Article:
NOVAFRICA Student Group previews the NOVAFRICA seminar by Moussa P. Blimpo
Is there a positive impact of alleviating asymmetry in civic information on tax participation?
How does more knowledge on taxation change tax participation and tax revenues?
What constraints may governments face regarding the taxation of micro and informal enterprises (MIE) in Togo?
On Friday, December 10th 2021, at 02:30 pm (Lisbon time), NOVAFRICA Knowledge Center welcomes Moussa P. Blimpo from the World Bank and the University of Toronto to answer these questions and to present the findings of the paper “Asymmetry in Civic Information: An Experiment on Tax Participation among Informal Firms in Togo”, co-authored by Paul Castañeda from the University of Wisconsin-Madison. If you would like to join the seminar, you can either join us on the Nova SBE campus in room A 219B or via Zoom Webinar (register here).
As micro and informal enterprises (MIE) in low-income countries constitute a large share of economic entities and as they lack basic understanding about the government and the tax system, the authors conducted a randomized controlled trial in 383 MIEs in the capital of Togo, Lomé, to analyze if eliminating asymmetry in civic information enhances tax involvement. This intervention educated businesses about the tax code and its purpose to capture the reciprocal aspect of taxes that is important in modern states.
The intervention discovered that higher revenue firms increased their tax involvement while lower revenue firms decreased their participation, resulting in a net fall in tax participation. Further data implies that lower-income businesses expanded their economic operations, and that the shift in taxpayer composition likely resulted in an increase in total tax revenue, offsetting the drop in participation. The data suggest that aggressive tax collection techniques aimed at microbusinesses can backfire.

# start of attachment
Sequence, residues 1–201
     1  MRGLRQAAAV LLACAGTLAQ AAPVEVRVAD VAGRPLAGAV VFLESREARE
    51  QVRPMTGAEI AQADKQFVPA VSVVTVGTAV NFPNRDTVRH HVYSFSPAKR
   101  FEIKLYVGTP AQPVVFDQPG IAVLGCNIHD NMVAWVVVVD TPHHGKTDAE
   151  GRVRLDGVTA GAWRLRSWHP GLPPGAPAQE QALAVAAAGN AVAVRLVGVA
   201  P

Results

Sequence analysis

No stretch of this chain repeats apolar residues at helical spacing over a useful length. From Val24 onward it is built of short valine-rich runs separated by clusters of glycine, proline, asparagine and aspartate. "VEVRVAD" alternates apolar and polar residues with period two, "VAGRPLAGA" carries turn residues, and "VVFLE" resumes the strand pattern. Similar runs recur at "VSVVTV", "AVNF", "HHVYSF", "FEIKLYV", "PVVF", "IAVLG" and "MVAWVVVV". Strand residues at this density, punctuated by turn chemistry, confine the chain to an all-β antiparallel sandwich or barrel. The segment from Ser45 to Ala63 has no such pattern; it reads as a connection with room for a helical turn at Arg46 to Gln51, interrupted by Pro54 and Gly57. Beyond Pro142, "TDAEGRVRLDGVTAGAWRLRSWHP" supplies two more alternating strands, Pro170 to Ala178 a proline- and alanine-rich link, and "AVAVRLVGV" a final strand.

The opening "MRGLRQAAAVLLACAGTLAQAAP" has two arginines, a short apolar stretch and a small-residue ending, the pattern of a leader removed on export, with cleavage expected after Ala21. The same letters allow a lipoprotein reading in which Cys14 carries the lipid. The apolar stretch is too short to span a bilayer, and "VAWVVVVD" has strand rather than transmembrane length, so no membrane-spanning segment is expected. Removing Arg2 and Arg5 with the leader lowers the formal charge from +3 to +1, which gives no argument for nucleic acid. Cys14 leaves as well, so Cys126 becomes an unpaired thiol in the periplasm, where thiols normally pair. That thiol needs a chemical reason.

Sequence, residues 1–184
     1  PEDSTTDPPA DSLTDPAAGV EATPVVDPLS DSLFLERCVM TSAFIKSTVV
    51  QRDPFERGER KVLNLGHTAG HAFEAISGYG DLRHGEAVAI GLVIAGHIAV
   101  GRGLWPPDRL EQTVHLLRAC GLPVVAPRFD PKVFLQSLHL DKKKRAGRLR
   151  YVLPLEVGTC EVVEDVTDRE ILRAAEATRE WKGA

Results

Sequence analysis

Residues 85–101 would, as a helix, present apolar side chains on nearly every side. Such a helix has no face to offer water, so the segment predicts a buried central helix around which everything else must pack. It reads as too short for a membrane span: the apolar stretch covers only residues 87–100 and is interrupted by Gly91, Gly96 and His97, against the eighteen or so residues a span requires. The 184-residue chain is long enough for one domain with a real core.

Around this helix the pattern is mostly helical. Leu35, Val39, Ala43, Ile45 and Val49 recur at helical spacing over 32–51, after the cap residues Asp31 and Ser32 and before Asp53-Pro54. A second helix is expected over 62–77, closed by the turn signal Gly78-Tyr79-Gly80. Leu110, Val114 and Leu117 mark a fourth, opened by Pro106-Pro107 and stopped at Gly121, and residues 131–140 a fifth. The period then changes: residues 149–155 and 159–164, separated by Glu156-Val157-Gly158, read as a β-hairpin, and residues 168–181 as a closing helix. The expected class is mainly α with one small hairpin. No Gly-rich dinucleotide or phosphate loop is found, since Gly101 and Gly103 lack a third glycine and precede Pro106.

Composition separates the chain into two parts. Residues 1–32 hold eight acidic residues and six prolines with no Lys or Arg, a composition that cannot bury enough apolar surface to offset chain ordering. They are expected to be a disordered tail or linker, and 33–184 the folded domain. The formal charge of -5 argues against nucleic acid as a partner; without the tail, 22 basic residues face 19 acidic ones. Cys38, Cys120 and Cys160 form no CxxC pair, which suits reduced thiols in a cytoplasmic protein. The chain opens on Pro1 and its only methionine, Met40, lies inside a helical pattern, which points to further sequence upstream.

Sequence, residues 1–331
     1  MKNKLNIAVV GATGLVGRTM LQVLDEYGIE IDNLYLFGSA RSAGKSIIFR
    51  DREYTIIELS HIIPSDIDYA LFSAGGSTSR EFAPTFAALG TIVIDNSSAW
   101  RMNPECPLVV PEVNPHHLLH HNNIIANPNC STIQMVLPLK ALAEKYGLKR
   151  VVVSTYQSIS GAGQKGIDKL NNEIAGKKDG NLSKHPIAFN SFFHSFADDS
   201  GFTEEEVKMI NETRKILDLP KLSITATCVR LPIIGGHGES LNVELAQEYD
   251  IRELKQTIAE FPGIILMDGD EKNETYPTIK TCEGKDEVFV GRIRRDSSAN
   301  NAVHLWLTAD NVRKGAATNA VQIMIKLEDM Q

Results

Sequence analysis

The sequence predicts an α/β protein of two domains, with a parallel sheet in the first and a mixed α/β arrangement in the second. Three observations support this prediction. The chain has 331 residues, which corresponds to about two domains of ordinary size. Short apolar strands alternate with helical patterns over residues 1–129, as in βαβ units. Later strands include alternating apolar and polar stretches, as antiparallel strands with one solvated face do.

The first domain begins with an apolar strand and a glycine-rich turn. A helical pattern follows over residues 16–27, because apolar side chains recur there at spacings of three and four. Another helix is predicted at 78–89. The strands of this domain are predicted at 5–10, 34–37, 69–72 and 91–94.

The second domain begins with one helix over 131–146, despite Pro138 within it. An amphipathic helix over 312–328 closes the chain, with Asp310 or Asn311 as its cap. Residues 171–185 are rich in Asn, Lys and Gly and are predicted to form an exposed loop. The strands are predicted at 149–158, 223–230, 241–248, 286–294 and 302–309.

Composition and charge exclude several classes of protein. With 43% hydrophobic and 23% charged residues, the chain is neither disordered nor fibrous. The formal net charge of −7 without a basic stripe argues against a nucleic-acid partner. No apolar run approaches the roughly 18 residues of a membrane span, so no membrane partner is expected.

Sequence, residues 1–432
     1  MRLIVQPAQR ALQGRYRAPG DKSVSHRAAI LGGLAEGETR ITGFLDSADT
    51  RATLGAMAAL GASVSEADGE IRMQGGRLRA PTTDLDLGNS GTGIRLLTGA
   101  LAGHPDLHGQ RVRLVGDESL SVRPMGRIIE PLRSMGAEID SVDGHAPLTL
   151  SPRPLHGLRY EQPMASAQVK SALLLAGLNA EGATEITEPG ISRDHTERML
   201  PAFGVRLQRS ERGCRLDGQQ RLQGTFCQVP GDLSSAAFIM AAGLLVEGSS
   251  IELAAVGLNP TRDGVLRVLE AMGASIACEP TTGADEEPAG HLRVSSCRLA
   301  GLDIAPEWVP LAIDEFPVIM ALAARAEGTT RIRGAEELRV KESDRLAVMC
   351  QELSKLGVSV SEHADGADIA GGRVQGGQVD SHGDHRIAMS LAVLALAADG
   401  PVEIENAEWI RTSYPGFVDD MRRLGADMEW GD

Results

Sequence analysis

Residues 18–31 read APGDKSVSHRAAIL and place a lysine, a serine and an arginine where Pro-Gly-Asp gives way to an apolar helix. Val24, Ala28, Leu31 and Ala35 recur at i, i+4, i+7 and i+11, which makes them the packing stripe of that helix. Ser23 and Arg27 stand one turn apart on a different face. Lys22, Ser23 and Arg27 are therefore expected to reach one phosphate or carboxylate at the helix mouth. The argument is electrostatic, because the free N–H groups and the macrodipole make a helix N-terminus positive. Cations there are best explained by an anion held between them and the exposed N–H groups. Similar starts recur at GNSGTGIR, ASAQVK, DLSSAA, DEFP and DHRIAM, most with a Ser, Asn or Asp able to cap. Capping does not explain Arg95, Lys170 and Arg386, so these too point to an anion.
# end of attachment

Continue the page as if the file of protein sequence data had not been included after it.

Finally, this paper contributes to two strands of literature. On the one hand, it is one of very few papers discussing the tax behavior of MIEs while providing training about firm owners´ obligations to the state. Secondly, the authors contribute to a growing literature regarding tax mobilization in developing countries. They add emphasis on the extensive margin of tax compliance which is important for the adoption of the fiscal contract.
Moussa P. Blimpo is a Senior Economist in the Office of the Chief Economist for the Africa Region (AFRCE) at the World Bank and a Senior Fellow at the University of Toronto´s Munk School of Global Affairs and Public Policy. He previously worked at the University of Oklahoma as an Assistant Professor of economics and international studies. His studies focus on a variety of policy-relevant African economic issues. His recent publications have focused on issues such as electricity access in Sub-Saharan Africa, the impact of disruptive technologies on Africa´s economies´ ability to leapfrog and the acquisition of human capital in Africa. Blimpo holds a PhD in economics from New York University and he worked at Stanford University´s Institute for Economic Policy Research (SIEPR) for two years as a postdoctoral researcher. He founded and ran the Center for Research and Opinion Polls (CROP), a Togo-based think tank, from 2011 until 2015.
Written by Constantin Friedrich Nixdorff, member of the NOVAFRICA Students Group and student of the Masters in Economics at Nova SBE.